Chants are sung, of course, but they are different from most songs in that they are usually very simple and often repetitive. One Taize chant the Abbey often uses is "Ubi caritas, et amor; ubi caritas, deus ibi est," which means: "God is love and where true love is, God himself is there." This can be sung dozens of times and the idea is to sing it enough times that the singing becomes automatic, the words and tune require no thought, and a state of deep prayer can be entered.
In Robert Gass' workshop I learned how effective it is to sing a chant for a very long time -- 20 minutes or more -- then stop and sit in silence as a group. We did this repeatedly throughout the weekend, and no matter which chant we had just sung, I found myself in a state I would describe as simultaneously ecstatic and deeply peaceful. I can now see why the ancient practice of chant has become a central feature of every religious tradition: quite simply, chant brings us into deep, personal contact with God. And the experience can be profoundly moving.
What spiritual formation activity do you plan to pursue this year? Will it be chant, or might you want to follow the lead of a former Abbey member who decided to visit and walk every labyrinth she could find? Or, perhaps, you will choose some readings or go on a retreat -- or come up with your own unique spiritual formation activity.
How will you live out this component of our Rule of Life in the coming year? Please share your thoughts in the comment section below.
Sunday, July 12, 2009
Below is yesterday's meditation by Fr. Don Talafous of St. John's Abbey. Fr. Don's meditation brought a number of thoughts to me regarding the first tenet of our Abbey's Rule of Life: "Pray daily guided by the Book of Common Prayer (BCP) or another Christian format and worship regularly in community." My first thought is that one could interpret this tenet to limit us in our praying to existing words or prayers that others have devised to express the many reasons or things for which we go to God in prayer -- adoration, petition for someone or something, sorrow, confession, forgiveness...and the list goes on. To me it is true that others more skilled with words than I have come up with wonderful prayers that express very well the feelings in my heart...and it is good to use those. Our own BCP has a marvelous collection of collects and prayers for our use. But this gives rise to the second thought...and that is recognizing that we do "have a friend in Jesus." We typically do not talk with our friends in prescribed phrases or sentences, rather words, our own words, come tumbling out that express the thoughts and feelings of the moment. It seems to me that in living into this part of our Rule of praying daily, there is also space for opening our minds and hearts to God (Jesus) and talking as we do with our earthly friends. This may be a more genuine form of praying. I believe our Rule is broad enough to encompass both types of prayer.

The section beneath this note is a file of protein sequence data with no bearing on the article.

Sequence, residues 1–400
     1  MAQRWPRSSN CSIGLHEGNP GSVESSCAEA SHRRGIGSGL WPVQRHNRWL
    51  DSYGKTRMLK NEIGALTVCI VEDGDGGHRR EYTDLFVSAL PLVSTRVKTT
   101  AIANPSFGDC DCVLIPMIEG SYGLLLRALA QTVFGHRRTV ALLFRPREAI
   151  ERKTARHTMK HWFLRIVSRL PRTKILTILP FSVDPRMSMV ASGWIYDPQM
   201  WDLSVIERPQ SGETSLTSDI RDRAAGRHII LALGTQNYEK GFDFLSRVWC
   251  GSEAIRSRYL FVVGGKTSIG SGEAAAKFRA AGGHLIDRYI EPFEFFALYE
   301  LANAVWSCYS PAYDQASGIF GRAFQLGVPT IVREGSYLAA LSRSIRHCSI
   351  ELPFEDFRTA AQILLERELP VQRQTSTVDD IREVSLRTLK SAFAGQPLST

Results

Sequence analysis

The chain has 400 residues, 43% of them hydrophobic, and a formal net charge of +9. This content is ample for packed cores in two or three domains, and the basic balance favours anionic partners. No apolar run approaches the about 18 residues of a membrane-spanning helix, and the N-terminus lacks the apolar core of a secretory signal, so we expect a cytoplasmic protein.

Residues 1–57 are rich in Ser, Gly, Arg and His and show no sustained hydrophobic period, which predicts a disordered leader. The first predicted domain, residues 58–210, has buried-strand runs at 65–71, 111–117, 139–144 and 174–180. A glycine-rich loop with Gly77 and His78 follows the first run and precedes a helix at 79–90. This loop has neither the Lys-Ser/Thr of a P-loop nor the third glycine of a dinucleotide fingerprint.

Shalom and many blessings, George
"What a friend we have in Jesus." (My unchurched father in his old age and nearly deaf could be surprised at times alone in his house singing "what a pal we have in Jesus," a variation probably more due to failing memory than any desire to be hip.) Just hearing that line from an old-time Protestant hymn might strike some Christians as too chummy or simply undignified. Churchgoing people get so used to the formal language of the service that "what a friend we have in Jesus" seems a bit like bringing the sweet-nothings of people in love into a public auditorium. Yet Scripture itself warrants the language of friendship. In John 15 Jesus talks about laying down His life for His friends. "You are my friends if you do what I command you. I no longer speak of you as slaves. Instead, I call you friends, since I have made known to you all that I heard from my Father." Revealing ourselves to another, opening our hearts to another, is the sure sign of friendship, a necessary step in fostering it. In turn Christians have every right to turn to Jesus in times of great need or turmoil. Moments of exhilarating joy or crushing sadness drive us to open up to a friend for comfort and understanding. Similarly, why shouldn't we open ourselves to the Lord in such times? In any budding relationship we encourage intimacy by a willingness to open up, to risk self-revelation. Jesus says He has made known to us all that the Father has told him. We have every reason to think: "What a friend we have in Jesus." Fr. Don Talafous, 7/11/09
Friday, July 3, 2009
As many of you know, the Urban Abbey has a presence on Twitter. I have been using this micro-blogging tool since early in Lent to provide excerpts from morning and evening prayer. The Twitter feed for the Abbey has become quite popular and is now followed by over 750 people, many of whom have become regular attendees at our "Twitter Prayer Services."